French Version


Professor Jeremy Allouche is a co-director of the Humanitarian Learning Centre and principle investigator of the GCRF-funded project Islands of Innovation in Protracted Crisis and the AHRC/DFID-funded project New Community-Informed Approached to Humanitarian Protection and Restraint.



 Dieunedort Wandji is currently a Research Officer on the multi-sited project Islands of Innovation in Protracted Crises: Building Equitable Resilience from Below, which covers the Ivory Coast and the Democratic Republic of the Congo. He did his PhD in Politics and International Development at the University of Portsmouth, focusing on vernacular idioms of security and resilience within border communities in Africa. Dieunedort has done fieldwork in Nigeria, Cameroon and Gabon. The Islands of Innovation project covers several communities across the Ivory Coast and DRC, where fieldwork will be conducted, using interdisciplinary research strategies and participative data collection methods.

The disidentification of Mahamat Saleh Haroun

In 1999, Mahamat Saleh Haroun’s Bye Bye Africa debuted as the first feature film from the country of Chad. The film is to an extent autobiographical, enlisting techniques of both fiction and nonfiction filmmaking to tell the story of an exiled filmmaker returning to Chad to make a movie, identical in many ways to Haroun’s own journey. The film was a runner-up for Best First Film at the Venice Film Festival and launched Haroun onto a string of feature-length dramas set in Chad: AbounaDarattA Screaming Man, and Grisgris.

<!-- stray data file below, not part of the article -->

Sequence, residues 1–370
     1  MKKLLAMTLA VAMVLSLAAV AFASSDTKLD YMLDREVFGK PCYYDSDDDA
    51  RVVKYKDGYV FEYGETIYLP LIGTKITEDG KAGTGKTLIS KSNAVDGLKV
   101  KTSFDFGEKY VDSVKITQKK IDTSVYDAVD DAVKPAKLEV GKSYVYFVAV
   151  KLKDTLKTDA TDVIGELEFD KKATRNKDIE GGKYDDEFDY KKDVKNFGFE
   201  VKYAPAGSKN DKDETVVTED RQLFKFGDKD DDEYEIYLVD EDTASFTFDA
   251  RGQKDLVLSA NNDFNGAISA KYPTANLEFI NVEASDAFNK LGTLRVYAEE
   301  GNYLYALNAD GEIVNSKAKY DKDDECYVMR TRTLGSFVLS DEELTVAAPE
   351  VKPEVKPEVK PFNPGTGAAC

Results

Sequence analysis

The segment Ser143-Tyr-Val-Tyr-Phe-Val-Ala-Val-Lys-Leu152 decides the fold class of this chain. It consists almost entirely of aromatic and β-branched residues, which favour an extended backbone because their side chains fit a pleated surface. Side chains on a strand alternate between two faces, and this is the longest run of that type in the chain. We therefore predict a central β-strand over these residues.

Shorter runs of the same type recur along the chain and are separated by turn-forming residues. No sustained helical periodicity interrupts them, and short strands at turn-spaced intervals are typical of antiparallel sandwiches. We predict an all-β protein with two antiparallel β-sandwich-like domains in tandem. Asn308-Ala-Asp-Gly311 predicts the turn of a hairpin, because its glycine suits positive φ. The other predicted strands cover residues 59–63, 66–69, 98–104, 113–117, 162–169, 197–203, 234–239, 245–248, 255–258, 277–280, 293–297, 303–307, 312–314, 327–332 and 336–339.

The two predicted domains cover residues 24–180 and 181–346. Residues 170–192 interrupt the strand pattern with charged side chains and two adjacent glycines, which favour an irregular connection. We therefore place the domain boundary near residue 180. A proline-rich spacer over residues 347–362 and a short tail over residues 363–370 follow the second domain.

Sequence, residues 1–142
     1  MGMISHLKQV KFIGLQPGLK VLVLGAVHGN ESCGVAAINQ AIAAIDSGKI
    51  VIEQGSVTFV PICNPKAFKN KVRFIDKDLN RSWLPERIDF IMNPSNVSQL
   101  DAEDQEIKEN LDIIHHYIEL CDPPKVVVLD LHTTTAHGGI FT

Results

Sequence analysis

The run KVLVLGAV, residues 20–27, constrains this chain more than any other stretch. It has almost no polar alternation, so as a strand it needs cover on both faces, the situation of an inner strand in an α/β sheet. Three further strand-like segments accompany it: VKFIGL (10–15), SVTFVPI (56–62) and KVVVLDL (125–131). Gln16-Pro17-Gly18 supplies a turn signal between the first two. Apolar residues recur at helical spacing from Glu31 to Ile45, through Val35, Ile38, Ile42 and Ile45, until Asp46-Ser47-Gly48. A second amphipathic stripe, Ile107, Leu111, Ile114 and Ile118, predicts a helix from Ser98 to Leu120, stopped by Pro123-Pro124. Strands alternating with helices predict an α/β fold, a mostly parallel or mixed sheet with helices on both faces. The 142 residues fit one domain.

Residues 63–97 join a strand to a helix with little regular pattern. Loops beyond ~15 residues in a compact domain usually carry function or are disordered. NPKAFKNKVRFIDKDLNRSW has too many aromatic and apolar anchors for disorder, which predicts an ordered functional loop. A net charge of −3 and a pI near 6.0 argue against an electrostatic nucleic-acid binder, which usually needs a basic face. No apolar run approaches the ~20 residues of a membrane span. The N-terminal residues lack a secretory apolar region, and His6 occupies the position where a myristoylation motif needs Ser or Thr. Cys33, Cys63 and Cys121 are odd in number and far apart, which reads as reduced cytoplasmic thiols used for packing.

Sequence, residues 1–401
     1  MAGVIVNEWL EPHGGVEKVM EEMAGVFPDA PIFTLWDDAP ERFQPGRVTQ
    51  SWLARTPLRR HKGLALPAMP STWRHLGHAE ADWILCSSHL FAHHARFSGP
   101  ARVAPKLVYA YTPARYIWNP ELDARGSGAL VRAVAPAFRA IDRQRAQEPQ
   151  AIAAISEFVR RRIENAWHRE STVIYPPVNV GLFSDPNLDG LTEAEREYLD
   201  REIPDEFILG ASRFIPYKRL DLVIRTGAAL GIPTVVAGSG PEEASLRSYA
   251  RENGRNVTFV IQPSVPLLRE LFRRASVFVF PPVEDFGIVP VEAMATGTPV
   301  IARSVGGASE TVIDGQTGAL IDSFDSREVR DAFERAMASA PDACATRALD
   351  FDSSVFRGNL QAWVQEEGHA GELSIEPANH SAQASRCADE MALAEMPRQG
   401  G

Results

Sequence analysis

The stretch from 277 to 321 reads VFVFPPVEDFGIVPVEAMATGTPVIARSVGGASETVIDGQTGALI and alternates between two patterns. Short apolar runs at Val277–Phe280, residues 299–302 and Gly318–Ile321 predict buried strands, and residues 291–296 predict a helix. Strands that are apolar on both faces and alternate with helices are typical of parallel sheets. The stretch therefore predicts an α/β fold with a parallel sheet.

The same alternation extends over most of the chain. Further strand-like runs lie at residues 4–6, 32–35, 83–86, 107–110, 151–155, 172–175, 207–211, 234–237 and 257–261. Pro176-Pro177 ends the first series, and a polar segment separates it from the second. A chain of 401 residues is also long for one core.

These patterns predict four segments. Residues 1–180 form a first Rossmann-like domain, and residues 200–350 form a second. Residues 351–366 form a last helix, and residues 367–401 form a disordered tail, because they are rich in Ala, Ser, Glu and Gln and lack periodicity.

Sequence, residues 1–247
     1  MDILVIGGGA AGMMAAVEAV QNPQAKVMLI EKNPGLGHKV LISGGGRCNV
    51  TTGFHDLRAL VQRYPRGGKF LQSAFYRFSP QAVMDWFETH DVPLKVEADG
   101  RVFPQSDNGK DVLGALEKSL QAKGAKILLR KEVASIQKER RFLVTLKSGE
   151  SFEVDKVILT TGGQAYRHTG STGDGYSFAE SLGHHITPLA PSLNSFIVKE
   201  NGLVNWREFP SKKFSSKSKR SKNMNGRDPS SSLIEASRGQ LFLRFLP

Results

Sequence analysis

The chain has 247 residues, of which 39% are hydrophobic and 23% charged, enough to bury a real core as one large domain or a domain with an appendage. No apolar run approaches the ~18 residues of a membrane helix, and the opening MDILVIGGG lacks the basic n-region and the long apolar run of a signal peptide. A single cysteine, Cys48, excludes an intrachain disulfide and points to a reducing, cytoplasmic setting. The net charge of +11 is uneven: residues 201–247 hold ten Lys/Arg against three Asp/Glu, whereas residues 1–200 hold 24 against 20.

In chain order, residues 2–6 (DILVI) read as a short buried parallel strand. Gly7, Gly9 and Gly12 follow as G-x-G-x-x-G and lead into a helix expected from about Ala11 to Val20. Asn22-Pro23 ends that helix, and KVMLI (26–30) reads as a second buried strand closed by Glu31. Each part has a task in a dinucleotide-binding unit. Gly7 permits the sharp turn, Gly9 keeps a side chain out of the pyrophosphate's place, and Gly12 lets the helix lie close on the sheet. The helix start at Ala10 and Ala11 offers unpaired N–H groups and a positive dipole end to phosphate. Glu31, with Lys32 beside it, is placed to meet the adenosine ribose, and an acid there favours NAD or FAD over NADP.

Despite its richness in philosophy, buttressed by Haroun’s careful dialogue as well as his deliberate alternation between Arabic and French, the film has been remembered as simply Chad’s first feature film, the one that helped launched Haroun’s career. Yet if one digs deeper than the surface-level film reviews, they may expose Haroun’s very personal statements of cultural disidentification throughout Bye Bye Africa as he navigates his own complicated relationship to Chad since his exile in France.

Autobiography and disidentification in Bye Bye Africa‘s narrative

“Once I get a flight, I’ll be on my way,” 37-year-old Haroun says in a Chadian dialect of Arabic, sitting up in bed in the middle of the night in France. So begins Bye Bye Africa, in which Haroun is both directing and starring as a lightly fictionalized version of himself. His character has just learned of the death of his mother in his birth country, which he left to study filmmaking in France. Here is our first indicator of Haroun’s complicated self-identification: a switch from Chad’s trade language, Arabic, to Chad’s colonial language, French, for an off-screen narration: “She died yesterday over there. So far away. And now suddenly, I feel lonely.”

This return to family and birthland is a catalyst for the film’s narrative crux: Haroun wants to make a movie. The evening of his arrival, Haroun sits with his father and the two watch 8mm film from his mother’s youth. His father comments in Arabic, “I remember this! This was at your sister’s engagement ceremony. I remember every moment. […] Your mother was such a beautiful woman!” Haroun’s nephew Ali, a peppy ten-year-old, leans into the light cast by the projector, his silhouette blown up on the screen in front of them. “When I grow up, I want to make films too.”

By Bentley Brown